Lessons of Coalition (11): what do the Lib Dems need to learn from the first 3 years?

ldv coalition lessonsLibDemVoice is running a daily feature, ‘Lessons of Coalition’, to assess the major do’s and don’ts learned from our experience of the first 3 years in government. Reader contributions are welcome, either as comments or posts. The word limit is no more than 450 words, and please focus on just one lesson you think the party needs to learn. Simply email your submission to [email protected]. Today Bill le Breton shares his thoughts.

The Open Coalition and Its Enemies

The most noticeable characteristic of the present Coalition Government is how similar it is in process to the single party governments that preceded it. Rather than becoming more open, government in this Liberal Democrat-influenced Coalition has become more opaque.

An open society needs an open government. The claustrophobia evident in the main messages coming from the leadership of the Coalition is a symptom of the fear of change that comes with a liberal world view. ‘Manipulation’ rather than ‘participation’ are the watchwords. Trust in the People there isn’t.

If you doubt this, then, consider what recent issues such as the ‘Go Home!’ poster vans and the ‘Racial Profiling’ spot checks tell us, not just about the policies of this Government, but also about the way it is arriving at decisions. Those decisions come from the dark crevices in which a paranoid elite operate, exploit and manipulate.

The very idea of coalition government in 2010 must have set alarm bells ringing throughout Whitehall, as they have rung in the Chief Executives’ offices of many a council over the last 40 years. Normally, Liberal Democrats are thrilled to hear these bells. They signal the end of an old discredited order; sunlight issuing into the corridors of power.

Within the Liberal Democrat Leadership in 2010 there was more fear than thrill. Trust in the Party (including elements within the Parliamentary Party) there was not.

Strong leadership comes from the coagulation, monopolization and exploitation of power. Its antithesis is not weak leadership. The opposite of strong leadership is involvement, devolution, trust: the organisation of a movement for people to take and use their power.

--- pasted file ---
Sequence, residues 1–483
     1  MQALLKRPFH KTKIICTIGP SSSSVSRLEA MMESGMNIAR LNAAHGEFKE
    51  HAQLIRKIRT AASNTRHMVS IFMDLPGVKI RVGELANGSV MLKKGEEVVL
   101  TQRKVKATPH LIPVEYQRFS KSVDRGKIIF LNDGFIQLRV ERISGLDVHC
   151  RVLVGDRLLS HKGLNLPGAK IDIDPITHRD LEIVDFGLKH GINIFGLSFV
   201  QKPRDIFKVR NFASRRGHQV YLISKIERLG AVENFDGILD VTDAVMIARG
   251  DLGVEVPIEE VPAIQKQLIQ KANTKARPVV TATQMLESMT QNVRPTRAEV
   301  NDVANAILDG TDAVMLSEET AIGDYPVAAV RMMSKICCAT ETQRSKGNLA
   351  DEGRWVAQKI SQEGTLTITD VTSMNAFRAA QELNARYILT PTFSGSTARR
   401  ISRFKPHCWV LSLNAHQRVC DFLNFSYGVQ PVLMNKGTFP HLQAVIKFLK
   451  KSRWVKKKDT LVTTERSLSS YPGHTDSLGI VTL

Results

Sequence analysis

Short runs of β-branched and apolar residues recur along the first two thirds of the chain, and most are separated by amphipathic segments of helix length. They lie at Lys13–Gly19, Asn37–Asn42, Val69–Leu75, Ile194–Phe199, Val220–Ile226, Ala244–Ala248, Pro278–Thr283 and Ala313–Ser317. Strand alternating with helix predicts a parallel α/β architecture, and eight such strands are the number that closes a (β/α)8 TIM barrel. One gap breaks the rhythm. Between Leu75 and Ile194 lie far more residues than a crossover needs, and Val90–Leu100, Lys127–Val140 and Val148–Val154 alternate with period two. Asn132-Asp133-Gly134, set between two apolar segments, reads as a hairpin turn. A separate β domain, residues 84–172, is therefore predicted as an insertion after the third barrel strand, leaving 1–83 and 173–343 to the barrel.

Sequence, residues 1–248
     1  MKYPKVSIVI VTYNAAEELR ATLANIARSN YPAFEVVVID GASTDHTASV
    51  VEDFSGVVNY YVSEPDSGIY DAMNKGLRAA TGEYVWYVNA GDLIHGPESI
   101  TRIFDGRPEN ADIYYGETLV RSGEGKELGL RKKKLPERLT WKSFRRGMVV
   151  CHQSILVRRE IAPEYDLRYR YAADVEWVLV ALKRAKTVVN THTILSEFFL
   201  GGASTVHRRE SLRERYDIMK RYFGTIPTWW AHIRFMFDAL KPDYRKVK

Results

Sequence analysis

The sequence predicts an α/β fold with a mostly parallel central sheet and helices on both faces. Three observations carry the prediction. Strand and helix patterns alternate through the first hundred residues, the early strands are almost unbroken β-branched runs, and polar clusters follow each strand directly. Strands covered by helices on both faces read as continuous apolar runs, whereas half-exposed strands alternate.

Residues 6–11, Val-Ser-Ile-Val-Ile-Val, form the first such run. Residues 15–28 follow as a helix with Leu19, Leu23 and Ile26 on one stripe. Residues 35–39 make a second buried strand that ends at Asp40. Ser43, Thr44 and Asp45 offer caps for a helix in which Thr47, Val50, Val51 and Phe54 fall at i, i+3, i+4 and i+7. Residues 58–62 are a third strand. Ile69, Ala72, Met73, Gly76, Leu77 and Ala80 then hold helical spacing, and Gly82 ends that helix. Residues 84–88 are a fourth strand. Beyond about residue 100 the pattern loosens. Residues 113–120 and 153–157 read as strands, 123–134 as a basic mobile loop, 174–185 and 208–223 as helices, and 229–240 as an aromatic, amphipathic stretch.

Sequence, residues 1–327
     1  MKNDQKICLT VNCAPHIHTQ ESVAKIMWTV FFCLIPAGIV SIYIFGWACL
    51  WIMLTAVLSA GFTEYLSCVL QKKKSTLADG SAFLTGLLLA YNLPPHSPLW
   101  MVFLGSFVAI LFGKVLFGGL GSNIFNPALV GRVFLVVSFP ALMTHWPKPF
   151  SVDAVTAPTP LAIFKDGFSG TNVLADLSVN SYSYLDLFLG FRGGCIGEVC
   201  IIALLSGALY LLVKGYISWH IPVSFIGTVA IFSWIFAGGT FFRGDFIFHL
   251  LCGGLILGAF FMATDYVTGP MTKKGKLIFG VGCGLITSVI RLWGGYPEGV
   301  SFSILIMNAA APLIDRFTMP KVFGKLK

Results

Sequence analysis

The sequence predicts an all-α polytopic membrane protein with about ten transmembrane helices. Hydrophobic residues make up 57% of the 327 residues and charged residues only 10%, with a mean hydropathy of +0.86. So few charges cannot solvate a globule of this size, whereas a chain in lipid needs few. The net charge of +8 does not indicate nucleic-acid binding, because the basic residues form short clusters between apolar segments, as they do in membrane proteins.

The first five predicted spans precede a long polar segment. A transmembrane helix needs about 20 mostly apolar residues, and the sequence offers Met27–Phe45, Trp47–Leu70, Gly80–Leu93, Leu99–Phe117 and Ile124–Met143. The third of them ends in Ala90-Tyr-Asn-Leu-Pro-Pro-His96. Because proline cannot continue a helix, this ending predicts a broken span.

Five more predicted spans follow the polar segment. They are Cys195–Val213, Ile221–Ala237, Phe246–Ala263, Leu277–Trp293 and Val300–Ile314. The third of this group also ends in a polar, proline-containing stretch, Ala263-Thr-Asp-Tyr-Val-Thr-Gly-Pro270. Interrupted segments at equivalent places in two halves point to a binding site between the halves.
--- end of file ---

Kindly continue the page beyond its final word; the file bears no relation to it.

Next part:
This Liberal approach to leadership with its instinctive urge to win hearts and minds, rather than to exclude and oppress can actually be assisted by the necessity of operating a coalition. When evolving policy and later, when negotiating with a coalition partner, the ability to point to democratic support is ‘powerful’. It is the ability to appeal to another and greater coalition; the coalition of the people.

This is why campaigning is at the very centre of Liberalism. Campaigning is the process of inspiring others to join that movement for change; be it a change in approach to the environment, or to the way education is accessed, or to the definition of justice.

For these advantages of multi-party government to be taken by Liberals, the mechanics of governance – the way decisions are taken in Government – and the mechanics of Party decision-taking must be opened up: made transparent and involving. They must be susceptible to campaigning.

The lack of campaigning in the Party, or its feeble expression as the endorsement of Coalition policy, is the manifestation of a Closed Coalition, just as an old-fashioned office with corridors and waiting rooms and executive lavatories is evidence of a hierarchical and closed culture.

There are plenty of political options for those whose fear of change and of liberalism drive them to yearn for a closed ‘drawbridge up’ society. It is a tragedy that our chance to let in the sunlight is being wasted. The PM and the Cabinet Secretary rest easy in their beds: Government remains ‘Closed to the Public’.

Previously Published:

Stephen Tall: Stronger policy development and campaigning on issues that matter to the public (AKA where’s our liberal equivalent of the benefits cap?)

Mark Valladares: Better party communications responding to the realities of governing

Gareth Epps: Government: What’s Occurrin?

Nick Thornsby: Making a success of coalition government as a concept

Caron Lindsay: That old “walk a mile in each others’ shoes” thing works

Louise Shaw: One member, one vote for all party elections

Mark Pack: The invisible ministers should up their game, or be sacked

Robin McGhee: We should organise ministers better

Rob Parsons: Understand the mechanics of government

Richard Morris: Make the red lines deeper and wider

Read more by or more about or .
This entry was posted in Op-eds.


  • paul barker 9th Aug '13 - 12:49pm

    Im sorry but this description of the way Our Party has worked in Government is so distorted it verges on self-parody. Where is the evidence that Our Leaders dont trust us?